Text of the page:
The robot navigates on a real terrain presenting irregularities and roughness. This produces vibrations and also swinging in the pitch, yaw, and roll angles. Moreover, the spacing of crop rows is also known. Because of the above, the crop rows are not projected on the expected locations in the image. On the other hand the discrimination of crops and weeds in the image is a very difficult task because their red, green, and blue spectral components display similar values. This means that no distinction is possible between crops and weeds based on the spectral components. Thus the problem is to locate the crop rows in the image. To achieve this goal, in this paper we propose a new strategy that exploits the specific arrangement of crops (maize) in the field and also applies the knowledge of perspective projection based on the camera intrinsic and extrinsic parameters. This method is inspired by the human visual perception and like humans applies a similar reasoning for locating crop rows in the images, although it exploits the camera system geometry, because it is available. As we will see in the next section, the crop row location is not new and has been considered already in the literature; the method proposed in this paper gains advantage over existing approaches because it has been designed to achieve high effectiveness in real-time applications. This makes the main contribution of this paper. The method does not include a segmentation step, which is found in most other methods for plant detection. This tries to avoid time consumption as compared to other strategies. The segmentation step has been replaced by a simple thresholding method, where the threshold is previously established by applying a learning-based fuzzy clustering strategy. Cluster centers for green textures are obtained during an off-line learning phase, and then this knowledge is exploited during the online decision phase. Crop row detection is an easy step where simple straight lines are traced, based on perspective projection, looking for specific pixels alignments defining crop rows.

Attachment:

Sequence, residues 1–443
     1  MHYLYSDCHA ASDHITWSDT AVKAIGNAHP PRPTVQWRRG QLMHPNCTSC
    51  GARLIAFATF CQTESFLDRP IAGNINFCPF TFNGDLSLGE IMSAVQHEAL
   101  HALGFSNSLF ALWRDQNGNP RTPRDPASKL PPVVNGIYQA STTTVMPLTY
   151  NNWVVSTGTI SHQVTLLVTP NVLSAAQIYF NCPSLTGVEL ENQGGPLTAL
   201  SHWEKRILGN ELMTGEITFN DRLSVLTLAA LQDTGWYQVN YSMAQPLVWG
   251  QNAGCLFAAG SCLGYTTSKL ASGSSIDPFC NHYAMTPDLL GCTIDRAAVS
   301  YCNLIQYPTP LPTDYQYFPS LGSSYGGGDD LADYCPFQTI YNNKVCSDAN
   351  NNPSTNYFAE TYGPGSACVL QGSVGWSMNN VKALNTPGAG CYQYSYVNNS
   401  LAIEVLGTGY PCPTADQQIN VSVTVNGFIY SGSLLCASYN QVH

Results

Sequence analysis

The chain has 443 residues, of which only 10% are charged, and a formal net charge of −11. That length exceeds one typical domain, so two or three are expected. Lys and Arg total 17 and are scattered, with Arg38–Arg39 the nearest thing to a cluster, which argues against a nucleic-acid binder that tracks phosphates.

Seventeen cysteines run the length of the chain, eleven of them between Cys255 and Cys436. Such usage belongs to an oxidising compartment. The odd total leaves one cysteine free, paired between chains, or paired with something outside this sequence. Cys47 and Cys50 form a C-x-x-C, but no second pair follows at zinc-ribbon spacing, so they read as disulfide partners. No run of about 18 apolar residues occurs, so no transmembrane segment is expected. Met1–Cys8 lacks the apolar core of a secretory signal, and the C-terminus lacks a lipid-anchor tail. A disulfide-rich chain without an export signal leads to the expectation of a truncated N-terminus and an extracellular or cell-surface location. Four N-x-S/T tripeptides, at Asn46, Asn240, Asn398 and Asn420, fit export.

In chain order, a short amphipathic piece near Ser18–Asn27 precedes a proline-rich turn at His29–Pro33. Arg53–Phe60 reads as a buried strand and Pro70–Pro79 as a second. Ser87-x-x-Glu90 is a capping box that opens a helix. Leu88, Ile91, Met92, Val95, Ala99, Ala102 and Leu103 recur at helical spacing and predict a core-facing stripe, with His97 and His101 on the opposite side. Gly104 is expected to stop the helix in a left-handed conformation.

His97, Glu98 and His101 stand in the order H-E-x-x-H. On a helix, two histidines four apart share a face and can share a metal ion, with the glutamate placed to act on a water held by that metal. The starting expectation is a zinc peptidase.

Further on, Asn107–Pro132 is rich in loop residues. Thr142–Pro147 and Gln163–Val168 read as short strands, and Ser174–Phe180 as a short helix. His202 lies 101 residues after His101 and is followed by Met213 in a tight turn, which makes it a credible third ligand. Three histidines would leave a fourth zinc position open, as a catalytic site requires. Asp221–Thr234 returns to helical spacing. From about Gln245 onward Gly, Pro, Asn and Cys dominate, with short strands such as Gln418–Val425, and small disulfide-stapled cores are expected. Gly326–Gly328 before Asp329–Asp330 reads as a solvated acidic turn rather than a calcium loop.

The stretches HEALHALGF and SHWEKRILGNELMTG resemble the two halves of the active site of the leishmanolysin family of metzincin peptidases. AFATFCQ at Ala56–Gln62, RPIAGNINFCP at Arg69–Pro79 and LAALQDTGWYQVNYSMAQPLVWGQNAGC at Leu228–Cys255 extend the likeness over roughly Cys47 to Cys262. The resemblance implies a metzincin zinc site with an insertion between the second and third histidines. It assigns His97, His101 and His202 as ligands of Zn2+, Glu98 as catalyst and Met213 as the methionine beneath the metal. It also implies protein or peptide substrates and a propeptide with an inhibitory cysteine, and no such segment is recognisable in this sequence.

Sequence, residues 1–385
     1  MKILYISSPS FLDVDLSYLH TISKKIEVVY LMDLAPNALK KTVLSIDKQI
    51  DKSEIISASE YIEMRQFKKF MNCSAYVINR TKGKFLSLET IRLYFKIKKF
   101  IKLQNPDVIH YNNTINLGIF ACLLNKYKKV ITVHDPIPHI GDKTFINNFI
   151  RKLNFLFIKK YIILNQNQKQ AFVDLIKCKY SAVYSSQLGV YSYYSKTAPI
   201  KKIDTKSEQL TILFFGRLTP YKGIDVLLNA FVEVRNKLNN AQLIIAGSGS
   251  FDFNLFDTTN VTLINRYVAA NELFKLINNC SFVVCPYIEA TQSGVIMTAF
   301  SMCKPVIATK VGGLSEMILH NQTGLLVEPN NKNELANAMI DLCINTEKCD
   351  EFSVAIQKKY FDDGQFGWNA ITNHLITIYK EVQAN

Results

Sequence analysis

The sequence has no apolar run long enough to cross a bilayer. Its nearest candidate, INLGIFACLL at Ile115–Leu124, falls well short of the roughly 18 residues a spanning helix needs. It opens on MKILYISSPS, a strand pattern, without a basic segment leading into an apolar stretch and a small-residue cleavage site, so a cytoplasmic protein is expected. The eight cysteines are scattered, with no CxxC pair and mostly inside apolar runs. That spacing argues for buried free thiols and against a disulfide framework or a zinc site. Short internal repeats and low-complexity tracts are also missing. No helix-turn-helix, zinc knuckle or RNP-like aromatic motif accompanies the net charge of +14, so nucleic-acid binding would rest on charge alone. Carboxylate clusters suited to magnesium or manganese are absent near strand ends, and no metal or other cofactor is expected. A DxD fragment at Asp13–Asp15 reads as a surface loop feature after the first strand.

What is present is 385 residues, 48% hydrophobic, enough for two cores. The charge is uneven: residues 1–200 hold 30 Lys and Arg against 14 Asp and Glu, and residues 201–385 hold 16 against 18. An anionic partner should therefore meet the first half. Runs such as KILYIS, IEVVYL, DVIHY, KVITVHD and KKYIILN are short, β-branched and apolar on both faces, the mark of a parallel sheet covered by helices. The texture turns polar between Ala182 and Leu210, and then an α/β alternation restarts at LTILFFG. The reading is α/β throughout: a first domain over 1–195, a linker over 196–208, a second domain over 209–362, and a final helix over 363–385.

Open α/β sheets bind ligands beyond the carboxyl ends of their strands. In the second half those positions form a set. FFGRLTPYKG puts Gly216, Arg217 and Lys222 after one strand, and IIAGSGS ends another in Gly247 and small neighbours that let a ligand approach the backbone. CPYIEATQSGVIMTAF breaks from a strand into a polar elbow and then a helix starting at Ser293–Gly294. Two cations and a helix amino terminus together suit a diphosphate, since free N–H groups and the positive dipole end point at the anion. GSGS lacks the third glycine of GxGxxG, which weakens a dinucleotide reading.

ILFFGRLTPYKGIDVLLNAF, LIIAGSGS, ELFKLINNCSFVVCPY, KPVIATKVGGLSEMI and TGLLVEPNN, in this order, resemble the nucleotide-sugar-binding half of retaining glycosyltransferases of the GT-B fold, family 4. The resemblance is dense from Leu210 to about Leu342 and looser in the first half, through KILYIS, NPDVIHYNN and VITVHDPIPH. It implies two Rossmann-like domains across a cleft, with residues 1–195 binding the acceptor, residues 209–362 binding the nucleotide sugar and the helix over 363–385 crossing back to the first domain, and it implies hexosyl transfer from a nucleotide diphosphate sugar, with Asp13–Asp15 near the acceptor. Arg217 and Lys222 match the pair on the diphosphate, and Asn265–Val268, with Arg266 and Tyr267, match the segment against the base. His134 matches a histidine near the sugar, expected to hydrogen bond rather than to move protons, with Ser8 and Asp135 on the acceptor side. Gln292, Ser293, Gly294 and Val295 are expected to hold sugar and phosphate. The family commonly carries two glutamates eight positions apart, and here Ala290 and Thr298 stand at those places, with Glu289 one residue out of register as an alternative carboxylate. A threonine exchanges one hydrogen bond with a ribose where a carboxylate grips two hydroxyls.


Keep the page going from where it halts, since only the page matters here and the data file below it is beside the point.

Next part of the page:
Moreover it applies downsampling for reducing image sizes. All above steps are oriented to gain time reduction during the computational process. The proposed approach is favorably compared against some existing approaches in both effectiveness and time reducing.

1.2. Revision of Methods

Several strategies have been proposed for crop row detection. Fontaine and Crowe [7] tested the abilities of fourth-line detection algorithms to determine the position and the angle of the camera with respect to a set of artificial rows with and without simulated weeds. These were stripe analysis, blob analysis, linear regression, and Hough transform.

(1) Methods Based on the Exploration of Horizontal Strips